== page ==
Less than two weeks removed from standing behind the bench in Game 7 of the American Hockey League's Calder Cup Finals, Karl Taylor found himself outside of the Predators locker room at Bridgestone Arena, the Nashville logo draped behind him.
It was quite a transition in such short order, leaving the Texas Stars - a team he had served as an assistant coach with for the past four seasons - but a chance had arisen to become the boss of his own club once more. There was a vacancy in Milwaukee that needed filling, and it didn't take Predators General Manager/President of Hockey Operations David Poile, Predators Director of Player Development/Milwaukee General Manager Scott Nichol and Predators management long to decide Taylor was the right man for the job.
On June 29, the 47-year-old native of North Bay, Ontario, became the seventh head coach in Admirals' history, the next to be tasked with developing players at the AHL level to become mainstays in the NHL, specifically in Nashville.
"To come into Nashville and be part of this organization is an outstanding opportunity," Taylor said. "I don't take the trust lightly that they've given me."
Prior to his stint in Texas, Taylor was an assistant with the Portland Winterhawks of the Western Hockey League, and he spent six seasons as a head coach in the ECHL before that, three with the Reading Royals and three more with the Ontario Reign.
Combine that with experience coaching at the Canadian university level and playing time as a forward in the Ontario Hockey League, as well as five seasons at the University of New Brunswick, and Taylor is simply one of those who has paid his dues in the game, worthy of a chance to become a head coach in the AHL.
Taylor recognizes the balance that is necessary between filling out the NHL roster while also putting together a competitive product for the top minor-league affiliate. The Preds have signed a number of players to two-way deals in the past 10 days, including names like Connor Brickley, Rocco Grimaldi and Jarred Tinordi, who will undoubtedly assist with those goals.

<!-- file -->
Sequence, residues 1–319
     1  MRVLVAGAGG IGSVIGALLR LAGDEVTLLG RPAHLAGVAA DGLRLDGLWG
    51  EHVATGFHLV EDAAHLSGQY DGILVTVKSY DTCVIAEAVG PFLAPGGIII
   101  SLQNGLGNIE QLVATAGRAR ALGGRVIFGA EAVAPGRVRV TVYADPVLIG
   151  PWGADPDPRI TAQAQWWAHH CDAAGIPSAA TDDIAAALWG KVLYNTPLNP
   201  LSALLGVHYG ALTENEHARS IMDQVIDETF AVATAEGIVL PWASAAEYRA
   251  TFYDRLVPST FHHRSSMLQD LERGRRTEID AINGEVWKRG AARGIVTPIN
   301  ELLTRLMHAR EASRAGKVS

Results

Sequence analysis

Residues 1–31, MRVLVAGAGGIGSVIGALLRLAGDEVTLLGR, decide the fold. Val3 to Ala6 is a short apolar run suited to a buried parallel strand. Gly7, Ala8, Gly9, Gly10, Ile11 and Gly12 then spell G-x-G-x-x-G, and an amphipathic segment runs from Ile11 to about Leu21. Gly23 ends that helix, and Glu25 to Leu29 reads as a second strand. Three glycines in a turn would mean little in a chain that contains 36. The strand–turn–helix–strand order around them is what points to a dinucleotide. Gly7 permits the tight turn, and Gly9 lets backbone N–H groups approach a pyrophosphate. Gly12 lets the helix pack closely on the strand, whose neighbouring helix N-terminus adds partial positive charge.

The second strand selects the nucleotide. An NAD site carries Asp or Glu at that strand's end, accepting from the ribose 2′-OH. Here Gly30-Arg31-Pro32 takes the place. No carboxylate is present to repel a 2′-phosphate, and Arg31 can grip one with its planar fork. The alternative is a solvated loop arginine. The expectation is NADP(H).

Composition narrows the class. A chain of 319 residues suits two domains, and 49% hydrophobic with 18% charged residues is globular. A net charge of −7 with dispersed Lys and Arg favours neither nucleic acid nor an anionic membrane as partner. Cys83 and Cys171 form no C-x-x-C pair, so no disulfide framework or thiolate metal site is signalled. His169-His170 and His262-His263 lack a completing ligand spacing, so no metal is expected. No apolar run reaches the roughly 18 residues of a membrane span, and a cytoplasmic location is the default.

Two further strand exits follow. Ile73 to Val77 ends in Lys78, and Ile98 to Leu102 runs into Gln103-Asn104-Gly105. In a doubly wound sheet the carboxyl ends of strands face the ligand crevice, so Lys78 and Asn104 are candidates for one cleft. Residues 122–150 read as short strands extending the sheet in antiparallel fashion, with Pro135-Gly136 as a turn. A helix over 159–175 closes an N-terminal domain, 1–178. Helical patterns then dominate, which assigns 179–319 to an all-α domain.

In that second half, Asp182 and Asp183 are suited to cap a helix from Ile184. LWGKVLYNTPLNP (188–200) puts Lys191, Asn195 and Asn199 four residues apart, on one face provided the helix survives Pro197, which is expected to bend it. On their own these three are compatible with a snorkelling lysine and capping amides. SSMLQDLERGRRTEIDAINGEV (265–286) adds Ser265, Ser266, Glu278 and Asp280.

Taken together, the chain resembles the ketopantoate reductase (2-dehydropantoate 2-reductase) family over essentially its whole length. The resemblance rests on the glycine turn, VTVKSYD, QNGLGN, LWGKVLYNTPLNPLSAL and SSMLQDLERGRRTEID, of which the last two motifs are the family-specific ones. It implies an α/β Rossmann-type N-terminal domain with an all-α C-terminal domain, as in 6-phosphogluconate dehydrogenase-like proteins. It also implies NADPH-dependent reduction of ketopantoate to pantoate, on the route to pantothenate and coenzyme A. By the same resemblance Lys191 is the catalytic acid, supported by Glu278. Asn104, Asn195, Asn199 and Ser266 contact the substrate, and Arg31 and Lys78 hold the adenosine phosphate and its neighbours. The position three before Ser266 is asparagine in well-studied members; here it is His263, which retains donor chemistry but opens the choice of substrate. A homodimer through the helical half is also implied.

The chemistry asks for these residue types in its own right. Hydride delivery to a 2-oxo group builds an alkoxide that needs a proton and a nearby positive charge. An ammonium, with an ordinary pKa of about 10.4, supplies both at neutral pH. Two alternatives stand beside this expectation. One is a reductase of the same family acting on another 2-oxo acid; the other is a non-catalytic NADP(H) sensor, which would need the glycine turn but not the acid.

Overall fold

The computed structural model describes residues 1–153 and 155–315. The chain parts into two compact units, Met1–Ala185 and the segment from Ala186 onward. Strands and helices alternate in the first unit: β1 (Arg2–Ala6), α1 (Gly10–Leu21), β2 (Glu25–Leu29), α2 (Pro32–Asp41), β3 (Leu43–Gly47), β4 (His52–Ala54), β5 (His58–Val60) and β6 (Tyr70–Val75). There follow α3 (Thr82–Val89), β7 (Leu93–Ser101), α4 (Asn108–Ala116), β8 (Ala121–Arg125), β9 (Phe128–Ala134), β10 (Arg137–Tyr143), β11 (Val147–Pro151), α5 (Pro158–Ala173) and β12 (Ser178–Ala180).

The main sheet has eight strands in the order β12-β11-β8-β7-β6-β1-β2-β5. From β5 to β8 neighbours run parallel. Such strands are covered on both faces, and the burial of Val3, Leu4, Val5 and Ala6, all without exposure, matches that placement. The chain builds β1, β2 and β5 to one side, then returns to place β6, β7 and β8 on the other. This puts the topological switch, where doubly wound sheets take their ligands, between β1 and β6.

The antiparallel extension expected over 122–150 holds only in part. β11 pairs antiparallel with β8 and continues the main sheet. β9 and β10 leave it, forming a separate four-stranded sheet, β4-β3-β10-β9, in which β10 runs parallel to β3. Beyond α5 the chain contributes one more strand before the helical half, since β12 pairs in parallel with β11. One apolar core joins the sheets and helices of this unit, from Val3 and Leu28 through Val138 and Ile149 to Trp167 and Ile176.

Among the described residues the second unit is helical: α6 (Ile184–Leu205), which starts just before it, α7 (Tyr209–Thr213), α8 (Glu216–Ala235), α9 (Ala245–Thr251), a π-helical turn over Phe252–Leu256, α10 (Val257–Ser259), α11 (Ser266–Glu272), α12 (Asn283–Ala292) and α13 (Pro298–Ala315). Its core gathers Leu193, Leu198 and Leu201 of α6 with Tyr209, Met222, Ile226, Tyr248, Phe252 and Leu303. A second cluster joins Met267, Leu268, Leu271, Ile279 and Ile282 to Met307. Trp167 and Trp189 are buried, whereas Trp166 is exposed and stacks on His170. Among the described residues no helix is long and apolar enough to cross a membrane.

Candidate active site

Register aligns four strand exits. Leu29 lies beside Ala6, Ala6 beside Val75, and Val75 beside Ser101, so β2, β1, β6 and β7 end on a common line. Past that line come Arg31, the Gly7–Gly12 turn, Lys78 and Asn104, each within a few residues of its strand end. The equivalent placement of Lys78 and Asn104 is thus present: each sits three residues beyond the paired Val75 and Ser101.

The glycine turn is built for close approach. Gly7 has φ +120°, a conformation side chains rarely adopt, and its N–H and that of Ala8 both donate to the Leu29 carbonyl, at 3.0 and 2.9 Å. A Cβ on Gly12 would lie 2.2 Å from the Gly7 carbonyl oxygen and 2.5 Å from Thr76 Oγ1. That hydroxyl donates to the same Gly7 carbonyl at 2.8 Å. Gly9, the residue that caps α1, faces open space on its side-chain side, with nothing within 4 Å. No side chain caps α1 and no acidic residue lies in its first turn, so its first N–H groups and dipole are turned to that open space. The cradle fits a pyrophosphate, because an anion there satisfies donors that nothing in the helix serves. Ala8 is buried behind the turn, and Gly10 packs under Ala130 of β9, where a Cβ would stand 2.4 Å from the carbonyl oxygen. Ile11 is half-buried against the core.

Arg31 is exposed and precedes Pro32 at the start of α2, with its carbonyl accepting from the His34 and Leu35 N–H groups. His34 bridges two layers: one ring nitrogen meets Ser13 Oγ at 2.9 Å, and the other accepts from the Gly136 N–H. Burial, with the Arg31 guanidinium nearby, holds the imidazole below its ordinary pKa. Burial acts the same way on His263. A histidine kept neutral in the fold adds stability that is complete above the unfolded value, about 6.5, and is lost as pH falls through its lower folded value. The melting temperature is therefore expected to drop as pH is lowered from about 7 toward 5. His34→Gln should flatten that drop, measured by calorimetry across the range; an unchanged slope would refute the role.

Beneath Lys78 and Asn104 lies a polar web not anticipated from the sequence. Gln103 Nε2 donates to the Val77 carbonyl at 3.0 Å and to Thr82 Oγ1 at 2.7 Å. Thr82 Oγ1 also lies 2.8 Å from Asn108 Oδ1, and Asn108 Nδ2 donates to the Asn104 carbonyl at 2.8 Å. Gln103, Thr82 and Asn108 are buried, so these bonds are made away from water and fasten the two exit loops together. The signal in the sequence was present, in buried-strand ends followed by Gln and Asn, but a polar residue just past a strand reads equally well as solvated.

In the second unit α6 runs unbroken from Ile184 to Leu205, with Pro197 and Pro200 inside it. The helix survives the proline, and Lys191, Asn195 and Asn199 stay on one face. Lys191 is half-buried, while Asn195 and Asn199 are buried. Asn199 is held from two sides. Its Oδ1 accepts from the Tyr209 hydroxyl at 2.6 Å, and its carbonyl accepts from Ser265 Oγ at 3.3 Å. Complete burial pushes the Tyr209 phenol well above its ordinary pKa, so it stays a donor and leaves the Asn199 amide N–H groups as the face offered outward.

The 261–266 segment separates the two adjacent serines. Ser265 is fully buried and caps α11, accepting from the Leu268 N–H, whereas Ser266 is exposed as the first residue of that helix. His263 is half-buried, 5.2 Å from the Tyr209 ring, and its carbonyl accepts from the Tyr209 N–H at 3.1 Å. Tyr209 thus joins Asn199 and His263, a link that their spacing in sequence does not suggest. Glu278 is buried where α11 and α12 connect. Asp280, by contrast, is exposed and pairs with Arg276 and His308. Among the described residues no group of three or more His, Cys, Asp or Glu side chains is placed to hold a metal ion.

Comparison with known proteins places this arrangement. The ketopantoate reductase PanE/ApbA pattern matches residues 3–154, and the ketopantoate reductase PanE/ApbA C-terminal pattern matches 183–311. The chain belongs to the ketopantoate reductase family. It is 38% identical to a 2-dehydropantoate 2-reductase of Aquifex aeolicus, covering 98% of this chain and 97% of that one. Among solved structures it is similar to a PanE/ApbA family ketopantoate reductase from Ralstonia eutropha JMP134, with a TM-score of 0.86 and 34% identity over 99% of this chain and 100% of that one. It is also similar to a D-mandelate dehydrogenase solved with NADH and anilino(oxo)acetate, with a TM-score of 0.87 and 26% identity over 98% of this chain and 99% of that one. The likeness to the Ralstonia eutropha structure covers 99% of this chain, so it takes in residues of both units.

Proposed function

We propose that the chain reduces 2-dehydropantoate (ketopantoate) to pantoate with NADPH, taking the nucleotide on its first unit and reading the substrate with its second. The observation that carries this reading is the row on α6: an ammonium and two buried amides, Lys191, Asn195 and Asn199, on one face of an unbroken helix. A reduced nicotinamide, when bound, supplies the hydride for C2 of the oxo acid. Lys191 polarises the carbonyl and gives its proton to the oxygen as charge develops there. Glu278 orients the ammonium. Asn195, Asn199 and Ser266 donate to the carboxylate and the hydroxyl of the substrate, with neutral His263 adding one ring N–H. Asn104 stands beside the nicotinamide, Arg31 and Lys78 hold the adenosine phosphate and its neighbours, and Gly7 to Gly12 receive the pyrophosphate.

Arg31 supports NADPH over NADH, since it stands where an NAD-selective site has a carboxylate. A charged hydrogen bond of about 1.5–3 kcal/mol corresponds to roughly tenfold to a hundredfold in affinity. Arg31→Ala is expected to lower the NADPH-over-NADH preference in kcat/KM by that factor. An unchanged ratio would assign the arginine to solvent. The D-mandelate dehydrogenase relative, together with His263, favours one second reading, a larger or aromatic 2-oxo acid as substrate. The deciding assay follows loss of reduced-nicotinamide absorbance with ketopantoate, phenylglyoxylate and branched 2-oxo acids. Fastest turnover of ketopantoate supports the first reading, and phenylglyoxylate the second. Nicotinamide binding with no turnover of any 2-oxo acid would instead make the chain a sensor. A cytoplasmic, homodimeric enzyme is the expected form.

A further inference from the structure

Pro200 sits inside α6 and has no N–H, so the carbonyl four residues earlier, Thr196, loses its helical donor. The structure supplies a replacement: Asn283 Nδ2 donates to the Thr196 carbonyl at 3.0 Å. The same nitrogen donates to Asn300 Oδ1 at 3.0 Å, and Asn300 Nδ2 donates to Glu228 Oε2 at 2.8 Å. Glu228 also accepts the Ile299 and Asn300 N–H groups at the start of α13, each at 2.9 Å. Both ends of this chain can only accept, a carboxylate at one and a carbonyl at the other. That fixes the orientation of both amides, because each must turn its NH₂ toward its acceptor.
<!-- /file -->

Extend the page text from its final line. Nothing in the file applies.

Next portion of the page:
Those free-agent acquisitions will team up with prospects already in the system in an attempt to get the Admirals back to the postseason after missing out in 2017-18 for just the third time in the past 17 years, and it's up to Taylor to guide the way.
Video: Karl Taylor named Milwaukee Admirals head coach
"The way it's done now with the salary cap, your young players must get to the NHL sooner, and our job is to get them there before they're expected to be there," Taylor said. "As we move forward, the main focus for us is just trying to get good people, as Nashville always has, in the right positions so we can be successful in Milwaukee."
Over the years, Taylor has honed his skills in getting the most out of his players, a philosophy that starts with him becoming just as familiar with their personality as their slap shot.
"Every player is different… You have to treat everyone individually," Taylor said. "For me, the No. 1 thing is getting on their ground and finding out what makes them tick. You can't treat everyone the same, that's not what it is… but getting to know them on that personal level so that when you do need the fire or you need to ask for more, they know it's for the right reason. It's not for the coach's personal gain, it's to help them get where they want to go."
And make no mistake - every player under Taylor's tutelage strives to skate on the ice in an NHL rink with regularity. In order to do that, they must impress the man who helped guide his previous club to within one win of a Calder Cup title.
Poile and others in the Predators organization often say the road to Nashville runs through Milwaukee. The 12 skaters on the current Predators roster who have traveled that trail are living proof, and Taylor is more than familiar with the pattern.
For him, this is an opportunity to help shape the next wave of Predators stars, to join a group all working for the same thing.
"When you're part of something bigger than yourself like here in Nashville, [that's special]," Taylor said. "Everyone's in it together trying to build something special, the final goal being the Stanley Cup. For us in the American League it's the Calder Cup, but for us as an organization, obviously the Stanley Cup is the ultimate goal.
"When you're part of something bigger than you, it's a great feeling, an opportunity to have an impact with these kids and how you develop them, with the final goal being winning that last game."